Changing the Demolition vs. Designation Paradigm
This summer, the designation application for the White Spot Diner, currently Tom’s, garnered significant media attention and underscored the tension that can exist when significant buildings face demolition. In instances like these, whether initiated by our organization or by a community group, Historic Denver’s role is to wade into the fray – to have the hard, face-to-face conversations, and to try to seek solutions that work for property owners as well as community members who are seeking to save a piece of the city they love.
Among the most significant challenges in this role is the current demolition review/designation process and timeline in the rare cases in which the designation comes from the community and the property owner is opposed. As currently structured, the only way for the community to engage in an effort to seek alternatives to demolition is to file a designation application, which is then required to move forward at a rapid clip, fostering a “pressure-cooker” environment for everyone involved, rather than fostering an environment in which the parties can listen to each other, and evaluate whether a win-win option exists before grappling with the question of designation. While most designations of this nature do not make it all the way to City Council consideration, City Council has the final authority to either approve or deny the designation based on the merit of the property, the economics of the situation, or the wishes of the owner. However, the decision is never an easy one.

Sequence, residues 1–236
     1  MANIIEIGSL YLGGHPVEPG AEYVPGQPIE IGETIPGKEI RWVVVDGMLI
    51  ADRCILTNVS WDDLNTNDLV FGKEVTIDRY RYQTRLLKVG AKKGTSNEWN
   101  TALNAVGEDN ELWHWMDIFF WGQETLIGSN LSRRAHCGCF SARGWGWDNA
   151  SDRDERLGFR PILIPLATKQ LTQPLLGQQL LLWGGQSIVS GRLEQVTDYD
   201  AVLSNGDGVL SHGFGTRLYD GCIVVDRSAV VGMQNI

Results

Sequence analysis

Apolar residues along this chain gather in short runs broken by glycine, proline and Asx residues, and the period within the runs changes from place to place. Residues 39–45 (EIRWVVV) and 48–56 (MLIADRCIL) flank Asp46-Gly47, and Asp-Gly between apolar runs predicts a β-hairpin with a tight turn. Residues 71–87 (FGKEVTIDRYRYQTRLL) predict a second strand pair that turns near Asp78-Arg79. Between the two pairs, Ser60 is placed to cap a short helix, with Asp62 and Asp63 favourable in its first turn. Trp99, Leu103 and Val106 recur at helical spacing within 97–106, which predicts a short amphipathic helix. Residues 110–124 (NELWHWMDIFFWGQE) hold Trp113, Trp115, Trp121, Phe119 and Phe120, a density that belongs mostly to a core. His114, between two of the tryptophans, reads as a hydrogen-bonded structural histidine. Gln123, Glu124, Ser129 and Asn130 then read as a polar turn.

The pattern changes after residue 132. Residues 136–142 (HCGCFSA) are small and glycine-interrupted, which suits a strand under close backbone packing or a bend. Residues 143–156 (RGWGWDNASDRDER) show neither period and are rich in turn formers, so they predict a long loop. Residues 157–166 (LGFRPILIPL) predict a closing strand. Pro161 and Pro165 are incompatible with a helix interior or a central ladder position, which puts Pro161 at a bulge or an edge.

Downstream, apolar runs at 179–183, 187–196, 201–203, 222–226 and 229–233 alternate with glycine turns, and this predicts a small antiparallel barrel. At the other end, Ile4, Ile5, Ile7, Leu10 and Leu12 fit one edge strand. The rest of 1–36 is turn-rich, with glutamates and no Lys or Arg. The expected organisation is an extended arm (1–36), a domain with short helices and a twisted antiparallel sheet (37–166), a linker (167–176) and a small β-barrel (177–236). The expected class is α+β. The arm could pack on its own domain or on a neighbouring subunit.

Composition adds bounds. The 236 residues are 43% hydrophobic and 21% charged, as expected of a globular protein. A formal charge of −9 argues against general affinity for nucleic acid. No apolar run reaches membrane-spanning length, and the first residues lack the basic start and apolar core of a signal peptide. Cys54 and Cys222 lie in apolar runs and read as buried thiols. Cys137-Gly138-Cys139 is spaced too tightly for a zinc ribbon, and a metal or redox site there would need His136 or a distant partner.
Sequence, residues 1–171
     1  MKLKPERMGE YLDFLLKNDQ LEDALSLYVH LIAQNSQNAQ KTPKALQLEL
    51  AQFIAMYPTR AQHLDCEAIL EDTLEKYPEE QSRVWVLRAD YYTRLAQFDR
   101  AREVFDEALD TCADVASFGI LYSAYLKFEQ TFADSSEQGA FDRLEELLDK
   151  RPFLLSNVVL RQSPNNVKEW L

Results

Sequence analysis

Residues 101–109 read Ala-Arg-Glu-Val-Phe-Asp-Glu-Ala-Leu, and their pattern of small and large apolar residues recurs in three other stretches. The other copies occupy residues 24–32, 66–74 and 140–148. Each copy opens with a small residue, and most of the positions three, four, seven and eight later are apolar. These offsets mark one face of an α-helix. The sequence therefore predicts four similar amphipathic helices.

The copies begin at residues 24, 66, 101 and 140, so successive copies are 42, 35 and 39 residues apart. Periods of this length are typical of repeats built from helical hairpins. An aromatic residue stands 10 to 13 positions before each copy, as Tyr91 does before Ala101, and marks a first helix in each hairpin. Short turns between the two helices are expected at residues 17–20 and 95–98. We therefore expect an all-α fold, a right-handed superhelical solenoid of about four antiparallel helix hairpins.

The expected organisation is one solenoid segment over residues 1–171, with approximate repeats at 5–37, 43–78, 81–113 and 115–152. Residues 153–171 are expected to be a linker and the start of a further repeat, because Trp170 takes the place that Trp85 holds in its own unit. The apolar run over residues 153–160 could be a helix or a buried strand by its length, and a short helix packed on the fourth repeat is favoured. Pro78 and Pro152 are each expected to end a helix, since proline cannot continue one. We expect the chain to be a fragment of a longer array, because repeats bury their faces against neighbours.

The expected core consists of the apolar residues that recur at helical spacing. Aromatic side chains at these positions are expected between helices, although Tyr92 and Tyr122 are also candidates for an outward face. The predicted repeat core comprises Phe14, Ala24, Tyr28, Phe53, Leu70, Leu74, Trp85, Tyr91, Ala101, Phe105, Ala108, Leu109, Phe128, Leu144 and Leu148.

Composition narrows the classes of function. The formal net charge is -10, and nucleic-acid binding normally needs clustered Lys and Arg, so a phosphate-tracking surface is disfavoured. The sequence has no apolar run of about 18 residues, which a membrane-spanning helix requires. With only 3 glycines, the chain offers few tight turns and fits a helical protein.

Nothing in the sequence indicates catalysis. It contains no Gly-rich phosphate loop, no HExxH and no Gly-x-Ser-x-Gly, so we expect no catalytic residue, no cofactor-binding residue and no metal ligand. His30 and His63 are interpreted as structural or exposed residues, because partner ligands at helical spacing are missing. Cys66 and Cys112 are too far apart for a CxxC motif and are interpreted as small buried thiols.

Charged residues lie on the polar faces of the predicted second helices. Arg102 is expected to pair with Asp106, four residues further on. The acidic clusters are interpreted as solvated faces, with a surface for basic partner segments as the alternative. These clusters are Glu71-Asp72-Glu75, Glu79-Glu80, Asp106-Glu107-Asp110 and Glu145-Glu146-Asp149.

As a result, last year the City of Denver convened a stakeholder working group comprised of preservationists, property owners, developers, real estate professionals and neighborhood residents to develop recommendations to improve this process and make updates to related provisions of the landmark ordinance. The group’s goal was to reduce the amount of tension that arises in some designation proceedings, to improve the quality of decision-making, and to remove barriers to more proactive designation, as well as preservation and recognition of diverse historic resources.
While the conversations were robust, at the end of 12 months the task force reached consensus on a set of changes to the process. Key outcomes include shifting the way the consideration time is spent to focus more on collaborative solutions, rather than designation alone; implementing a new mechanism for gathering input on historic district proposals; and adjustments to the designation criteria to be more inclusive of culturally significant resources so that our landmarks and historic districts reflect the full diversity of Denver’s heritage.
These amendments were shared with the public during a series of meetings in May and June 2019, but due to the municipal election, there was a delay in City Council’s consideration. The recommendations are now set for a vote this September. While we wish they’d existed before this summer’s debates, we’re looking forward to refocusing attention on win-win outcomes and a collaborative process in our efforts to ensure that Denver’s historic places are actively used and relevant moving forward.
We are aware that Councilwoman Kendra Black has proposed additional amendments beyond those developed through the work of the task force. The timeline on that proposal is not yet clear. Read the story in Denverite for further detail.